When it comes to blog posting, sometimes I feel like Bill in Big Love: Margene’s bed or Barb’s bed? Tonight, it’s Barb’s bed at Idea Couture’s Noodleplay blog. Check out my latest piece on Pie & Provocation.


For all the hi-tech, 2.0, social, interconnected, GPSd, geo-tagged, app this & app ideas that many of us are developing in the work intersections between anthropology and design, it never stops putting a smile on my face when I’m reminded how Old World technologies and media resist – or have yet to be barely challenged by – Innovation Erosion.

Innovation Erosion is the slow process by which new, sometimes disruptive products chip away at old habits and patterns of use. Like the effects of wind, water, ice and gravity, its rate of progress depends on a number of human-environment factors: how much we want something new, if that something new actually fills an unmet or unarticulated need, the extent to which we are comfortable with new gizmos and social styles in our lives, and a host of design, usability, costing and marketing factors that play into whether or not that something new ‘fits’ into our lives.

Two clear examples – cell phones and computers. Both started off big and clunky, ugly, expensive and glitchy. For a long time, most people lived full, socially connected lives without them. With time, erosive phenomena like lower costs, sexier design, a little smart marketing, and a born-into generation changed that for all but the most stubborn, some of the very old and, to some extent, people like me.

I might be among the most stubborn. I like to think of it as being a one-man mujahideen against new stuff just for the sake of being a one-man mujahideen against new stuff. My boss at Idea Couture likes to jokingly remind our one-room HQ of usability specialists, human factors people, strategists, designers, experience architects, interaction architects and others that Morgan doesn’t do Excel, ignores Google calendar invites, regularly tells Power Point to “Die! Fucking die!” and – this is his favourite one – uses paper (mine is the desk with stacks of scribbled notes from ethnographies, anthropology texts, rapid prototyping sessions, webites, phone calls, to-do lists and meetings). I have reasons for doing and not doing those things, and they’re much the same as why I’ve given away the iPods I’ve received (I can plug into my MacBook Pro at work for iTunes, I like hearing the street when I’m on it, and I like battling the radio to find something good in the car), still haven’t opened that NikeRun thing they gave me (Run? Are you kidding me?) and signed up for Twitter but used it only two or three times (Like I give a shit what you’re doing on the hour every hour). Quite simply, I can do without these innovations.

And don’t even get me started on cell phones – especially one’s with the iron-clad, overpriced contracts we bear like an albatross in Canada. I’ve had lots of cell phones and tossed every one but the one I’ve got now, an LG Touch that my boss graced my desk with a couple of weeks ago. I asked to not get a Blackberry because I’m happy with the place (and time) email has in my life as it is. But, as Jan Chipcase notes in a recent essay, convergence is the new erosion. The LG Touch has email along with a host of other apps – including his semi-analysed Airplane Mode, none of which I’ve explored or activated. I know I’m probably alone in thinking along these lines of backwards socio-tech engineering, but I’m thinking of registering http://www.justaphone.com on GoDaddy.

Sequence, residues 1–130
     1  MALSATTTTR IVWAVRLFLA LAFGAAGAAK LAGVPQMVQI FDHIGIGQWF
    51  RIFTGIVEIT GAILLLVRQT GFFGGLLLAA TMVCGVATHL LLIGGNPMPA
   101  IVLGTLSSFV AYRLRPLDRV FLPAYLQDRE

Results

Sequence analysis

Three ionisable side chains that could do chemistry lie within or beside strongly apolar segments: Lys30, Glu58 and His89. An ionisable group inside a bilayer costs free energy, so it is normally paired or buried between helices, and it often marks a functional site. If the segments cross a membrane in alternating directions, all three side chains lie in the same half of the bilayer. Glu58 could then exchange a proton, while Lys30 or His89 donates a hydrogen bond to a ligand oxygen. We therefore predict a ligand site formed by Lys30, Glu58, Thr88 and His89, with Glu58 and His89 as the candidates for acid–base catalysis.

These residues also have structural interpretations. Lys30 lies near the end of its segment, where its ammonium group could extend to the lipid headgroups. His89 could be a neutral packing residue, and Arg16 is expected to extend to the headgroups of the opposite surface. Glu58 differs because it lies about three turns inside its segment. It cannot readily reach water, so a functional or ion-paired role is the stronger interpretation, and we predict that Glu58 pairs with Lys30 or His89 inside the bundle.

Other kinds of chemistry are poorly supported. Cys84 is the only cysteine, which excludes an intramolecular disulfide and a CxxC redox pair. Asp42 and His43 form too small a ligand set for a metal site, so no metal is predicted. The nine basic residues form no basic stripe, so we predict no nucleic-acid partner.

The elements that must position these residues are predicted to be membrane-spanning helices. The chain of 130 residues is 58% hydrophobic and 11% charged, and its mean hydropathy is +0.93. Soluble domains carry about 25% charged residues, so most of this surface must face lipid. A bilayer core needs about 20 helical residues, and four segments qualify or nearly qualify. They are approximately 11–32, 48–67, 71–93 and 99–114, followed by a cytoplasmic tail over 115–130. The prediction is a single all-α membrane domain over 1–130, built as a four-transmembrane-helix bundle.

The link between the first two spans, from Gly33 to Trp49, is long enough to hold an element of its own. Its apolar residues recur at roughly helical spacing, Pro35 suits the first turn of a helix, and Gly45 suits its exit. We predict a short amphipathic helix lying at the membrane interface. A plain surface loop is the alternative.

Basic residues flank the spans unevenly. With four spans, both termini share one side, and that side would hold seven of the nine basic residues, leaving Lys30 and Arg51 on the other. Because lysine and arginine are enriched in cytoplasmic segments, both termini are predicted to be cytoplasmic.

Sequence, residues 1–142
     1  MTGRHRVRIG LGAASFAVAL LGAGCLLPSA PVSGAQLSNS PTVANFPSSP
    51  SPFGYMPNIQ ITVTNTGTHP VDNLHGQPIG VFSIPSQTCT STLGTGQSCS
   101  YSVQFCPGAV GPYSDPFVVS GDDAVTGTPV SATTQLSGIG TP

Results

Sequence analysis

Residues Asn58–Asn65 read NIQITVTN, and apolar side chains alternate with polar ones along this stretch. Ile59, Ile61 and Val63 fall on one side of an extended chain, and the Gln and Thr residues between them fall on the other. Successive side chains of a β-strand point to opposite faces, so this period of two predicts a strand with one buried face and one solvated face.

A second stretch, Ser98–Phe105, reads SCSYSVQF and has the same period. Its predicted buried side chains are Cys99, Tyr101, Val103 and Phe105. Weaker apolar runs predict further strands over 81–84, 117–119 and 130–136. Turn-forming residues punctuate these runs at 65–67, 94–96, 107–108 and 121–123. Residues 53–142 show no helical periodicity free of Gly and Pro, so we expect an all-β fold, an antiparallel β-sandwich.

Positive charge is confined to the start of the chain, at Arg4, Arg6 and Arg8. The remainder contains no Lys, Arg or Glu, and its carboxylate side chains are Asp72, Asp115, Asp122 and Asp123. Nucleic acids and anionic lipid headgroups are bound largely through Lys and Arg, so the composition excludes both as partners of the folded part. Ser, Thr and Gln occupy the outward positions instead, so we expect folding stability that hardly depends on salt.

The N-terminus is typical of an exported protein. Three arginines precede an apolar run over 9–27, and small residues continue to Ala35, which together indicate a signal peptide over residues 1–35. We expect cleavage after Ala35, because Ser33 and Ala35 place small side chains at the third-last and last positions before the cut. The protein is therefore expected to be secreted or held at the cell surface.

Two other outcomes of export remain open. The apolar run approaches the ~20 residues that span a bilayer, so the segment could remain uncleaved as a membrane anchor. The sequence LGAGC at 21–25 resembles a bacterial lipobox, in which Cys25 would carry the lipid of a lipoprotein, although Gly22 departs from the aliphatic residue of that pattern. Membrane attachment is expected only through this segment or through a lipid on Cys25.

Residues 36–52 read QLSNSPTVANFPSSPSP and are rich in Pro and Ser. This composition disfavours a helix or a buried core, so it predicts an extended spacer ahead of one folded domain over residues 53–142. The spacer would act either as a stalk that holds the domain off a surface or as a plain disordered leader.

If all this sounds antithetical to the world of anthropology and design, think again. I can’t tell you how many people in the field I’ve met or read online who are so enmeshed in keeping up with the latest and greatest in innovation that, when it comes time to get into the field to explore the relationships between people, culture new products and services, come out like they’re the new spin on anthropology’s colonial past – it’s like they’re looking down on the primitives who have yet to discover just how improved their lives could be with a little Twitter or fresh-smelling Fabreeze in their lives. And when it comes to ethnographies on the super tech savvy, don’t get me wrong – I know the new and use it more than I let on in the office or here.

Which brings me to the photo above, my most recent stumbling upon of just how slow Innovation Erosion is: the map. During a recent ethnography jaunt to London, England I stayed near Victoria Station. Disclaimer: it’s where thousands of tourists pour from by the hour. Nonetheless, the number of fold-out, giant paper maps got me to thinking about just how slow wireless hand-held map apps are in reaching most consumers.

Maybe it’s cost. On a recent field trip to Ontario’s Niagara wine region with one of my bosses, my designer and my experience architect, we were in such a rush to choose a restaurant and consult over which wines we wanted to drink that none of us had the address of where we were actually supposed to be going. Thanks to GPS on the BlackBerry, we found our way. But the boss realized, after guiding us for 10 minutes or so, that the roaming charges being racked up were probably astronomical.

Observing the thousands of tourists pouring out of Victoria Station for 8 days during smoke breaks from my non-smoking hotel, I didn’t see anyone staring at a phone to direct them wherever. Yes, there were dozens of Google Map print-outs, but that’s still paper.

Obviously, there’s innovation exploration still to be done in the white space between getting from here to there in a foreign city. Until then, people seem pretty comfortable with their ancient media.

Vodpod videos no longer available.